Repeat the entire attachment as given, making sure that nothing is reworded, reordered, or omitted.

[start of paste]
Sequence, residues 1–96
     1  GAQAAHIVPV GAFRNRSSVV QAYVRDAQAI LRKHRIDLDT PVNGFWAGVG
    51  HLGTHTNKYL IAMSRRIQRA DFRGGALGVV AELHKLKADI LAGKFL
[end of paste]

Sequence, residues 1–96
     1  GAQAAHIVPV GAFRNRSSVV QAYVRDAQAI LRKHRIDLDT PVNGFWAGVG
    51  HLGTHTNKYL IAMSRRIQRA DFRGGALGVV AELHKLKADI LAGKFL